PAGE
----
Increasing agri – exports will help increase India’s export basket and would also expand farmers’ incomes and amend farm distress. Measures to make Indian farm produce globally competitive:

  • This objective is achievable, provided there is a paradigm shift in policy-making from being obsessively consumer-oriented to according greater priority to farmers’ interests.
  • Recently, the APEDA along with Government of Andhra Pradesh has dispatched the first shipment of high-quality bananas from Anantpur to JNPT in Mumbai for exports to international markets. India government should take such case studies as reference to formulate policies.
  • To boost agriculture exports, the government and business promoting agencies should focus on the use of technology and innovation, he said, adding, the government should support only those who are willing to invest in research.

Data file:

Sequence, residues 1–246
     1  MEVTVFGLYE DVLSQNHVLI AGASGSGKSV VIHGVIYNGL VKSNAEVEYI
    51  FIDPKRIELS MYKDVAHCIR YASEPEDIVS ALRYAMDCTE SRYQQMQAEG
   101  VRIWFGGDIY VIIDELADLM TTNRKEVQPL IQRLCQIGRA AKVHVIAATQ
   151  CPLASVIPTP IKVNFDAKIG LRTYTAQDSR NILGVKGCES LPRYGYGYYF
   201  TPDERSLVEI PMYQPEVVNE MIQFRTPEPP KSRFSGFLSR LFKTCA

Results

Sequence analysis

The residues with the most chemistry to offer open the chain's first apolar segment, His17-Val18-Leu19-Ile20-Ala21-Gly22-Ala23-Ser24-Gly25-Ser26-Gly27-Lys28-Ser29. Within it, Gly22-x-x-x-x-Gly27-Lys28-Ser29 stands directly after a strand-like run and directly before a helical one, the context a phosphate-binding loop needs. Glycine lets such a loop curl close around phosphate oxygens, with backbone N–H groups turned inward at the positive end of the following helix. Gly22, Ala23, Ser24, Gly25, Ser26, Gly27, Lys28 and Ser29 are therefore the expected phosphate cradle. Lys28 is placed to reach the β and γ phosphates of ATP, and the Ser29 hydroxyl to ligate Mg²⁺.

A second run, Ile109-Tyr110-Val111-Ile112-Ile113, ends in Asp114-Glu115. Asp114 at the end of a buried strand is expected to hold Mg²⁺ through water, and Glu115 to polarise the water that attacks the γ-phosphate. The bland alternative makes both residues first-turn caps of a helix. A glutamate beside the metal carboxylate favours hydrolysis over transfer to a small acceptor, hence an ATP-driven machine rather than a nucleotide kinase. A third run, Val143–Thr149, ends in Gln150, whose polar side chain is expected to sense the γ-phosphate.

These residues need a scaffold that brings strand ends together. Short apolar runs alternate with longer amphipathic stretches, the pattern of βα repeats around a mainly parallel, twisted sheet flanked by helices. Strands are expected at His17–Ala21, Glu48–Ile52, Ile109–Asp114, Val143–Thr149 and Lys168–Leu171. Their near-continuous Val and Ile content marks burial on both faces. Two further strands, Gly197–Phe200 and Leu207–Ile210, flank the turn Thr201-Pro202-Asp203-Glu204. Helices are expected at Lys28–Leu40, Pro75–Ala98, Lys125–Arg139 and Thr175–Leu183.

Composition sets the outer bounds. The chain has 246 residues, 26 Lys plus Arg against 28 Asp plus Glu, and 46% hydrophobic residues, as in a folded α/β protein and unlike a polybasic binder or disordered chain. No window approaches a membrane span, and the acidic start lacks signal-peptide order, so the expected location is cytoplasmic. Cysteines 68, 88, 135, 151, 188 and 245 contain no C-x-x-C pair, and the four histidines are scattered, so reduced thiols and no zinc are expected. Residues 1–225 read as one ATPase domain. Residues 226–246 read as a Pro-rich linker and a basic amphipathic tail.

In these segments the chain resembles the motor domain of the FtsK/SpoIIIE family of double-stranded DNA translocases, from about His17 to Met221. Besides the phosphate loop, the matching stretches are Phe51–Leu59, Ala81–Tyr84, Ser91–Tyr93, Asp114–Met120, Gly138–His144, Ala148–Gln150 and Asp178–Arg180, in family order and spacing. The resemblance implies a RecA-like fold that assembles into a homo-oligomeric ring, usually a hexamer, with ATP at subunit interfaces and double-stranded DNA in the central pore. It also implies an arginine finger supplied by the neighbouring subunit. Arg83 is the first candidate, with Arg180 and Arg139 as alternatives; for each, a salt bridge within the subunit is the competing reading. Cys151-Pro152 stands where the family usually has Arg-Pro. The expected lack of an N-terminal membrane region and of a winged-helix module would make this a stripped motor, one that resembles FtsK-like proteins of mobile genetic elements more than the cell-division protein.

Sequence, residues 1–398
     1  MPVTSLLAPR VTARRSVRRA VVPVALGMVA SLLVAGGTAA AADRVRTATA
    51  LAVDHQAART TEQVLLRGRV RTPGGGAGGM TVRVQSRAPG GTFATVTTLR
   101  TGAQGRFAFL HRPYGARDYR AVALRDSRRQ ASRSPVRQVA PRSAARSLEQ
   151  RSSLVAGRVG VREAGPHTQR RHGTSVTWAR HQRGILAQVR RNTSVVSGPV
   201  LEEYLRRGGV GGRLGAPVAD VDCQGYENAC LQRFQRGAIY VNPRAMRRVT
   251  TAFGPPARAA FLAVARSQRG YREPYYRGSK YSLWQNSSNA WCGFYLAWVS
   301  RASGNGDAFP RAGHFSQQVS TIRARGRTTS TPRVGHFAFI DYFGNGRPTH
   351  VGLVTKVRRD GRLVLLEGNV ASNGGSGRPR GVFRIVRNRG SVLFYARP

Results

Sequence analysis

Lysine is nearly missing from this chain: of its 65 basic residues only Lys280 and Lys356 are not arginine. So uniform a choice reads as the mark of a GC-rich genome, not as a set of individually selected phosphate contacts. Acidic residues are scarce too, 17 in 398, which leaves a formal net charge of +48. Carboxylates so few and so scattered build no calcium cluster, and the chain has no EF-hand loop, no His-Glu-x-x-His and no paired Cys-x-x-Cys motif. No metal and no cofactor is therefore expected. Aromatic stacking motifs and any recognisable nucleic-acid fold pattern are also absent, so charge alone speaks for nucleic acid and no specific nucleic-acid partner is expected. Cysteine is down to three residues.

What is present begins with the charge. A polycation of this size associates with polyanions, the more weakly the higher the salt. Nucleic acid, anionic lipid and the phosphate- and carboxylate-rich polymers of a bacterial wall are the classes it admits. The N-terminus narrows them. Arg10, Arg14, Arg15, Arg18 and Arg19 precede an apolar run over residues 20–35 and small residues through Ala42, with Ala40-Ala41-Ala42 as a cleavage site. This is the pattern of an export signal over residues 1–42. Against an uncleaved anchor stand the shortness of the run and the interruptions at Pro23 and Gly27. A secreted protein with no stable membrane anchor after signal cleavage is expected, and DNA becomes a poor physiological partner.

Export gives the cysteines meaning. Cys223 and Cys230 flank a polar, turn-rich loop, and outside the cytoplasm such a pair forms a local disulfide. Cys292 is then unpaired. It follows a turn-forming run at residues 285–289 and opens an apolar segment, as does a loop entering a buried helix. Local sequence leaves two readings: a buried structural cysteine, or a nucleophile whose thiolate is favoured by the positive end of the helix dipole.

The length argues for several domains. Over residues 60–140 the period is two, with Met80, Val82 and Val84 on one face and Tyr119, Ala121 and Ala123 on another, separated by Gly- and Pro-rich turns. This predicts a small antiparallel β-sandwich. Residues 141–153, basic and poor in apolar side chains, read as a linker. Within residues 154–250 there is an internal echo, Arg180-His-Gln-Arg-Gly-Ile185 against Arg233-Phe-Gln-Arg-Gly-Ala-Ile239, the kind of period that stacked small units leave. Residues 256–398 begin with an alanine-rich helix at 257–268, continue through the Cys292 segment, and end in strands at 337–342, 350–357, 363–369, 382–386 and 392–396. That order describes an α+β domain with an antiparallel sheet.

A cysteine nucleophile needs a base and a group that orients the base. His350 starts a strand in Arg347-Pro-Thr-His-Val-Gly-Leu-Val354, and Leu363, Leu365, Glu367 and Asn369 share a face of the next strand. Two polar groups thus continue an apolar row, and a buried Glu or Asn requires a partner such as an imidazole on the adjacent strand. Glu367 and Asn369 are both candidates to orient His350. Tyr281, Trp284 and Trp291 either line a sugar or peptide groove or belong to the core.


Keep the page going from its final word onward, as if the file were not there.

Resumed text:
• If India has to promote agri-exports, the country’s policymakers must build global value-chains for some important agri-commodities in which the country has a comparative advantage. 
  • Stimulating agri – exports would require infrastructure and institutional support — connecting export houses directly to farmer producer organizations (FPOs), sidestepping the APMC-regulated mandis, removing stocking limits and trading restrictions.
  • The country has a great potential to export fish and seafood, bovine meat, and fruits, nuts and vegetables. These are the commodities to focus on in order to stimulate agri-exports.
  • On lines of the ‘Make In India’ campaign, the report urged the government to launch ‘Grow In India’ campaign aiming for substantial gains in agri-exports with a single authority to monitor India’s international agricultural trade-both exports and imports. 


A “farm-to-foreign” strategy, improving agri-trade surpluses by promoting agri-exports, and most importantly create more jobs and bring prosperity to rural areas can sure be a go ahead.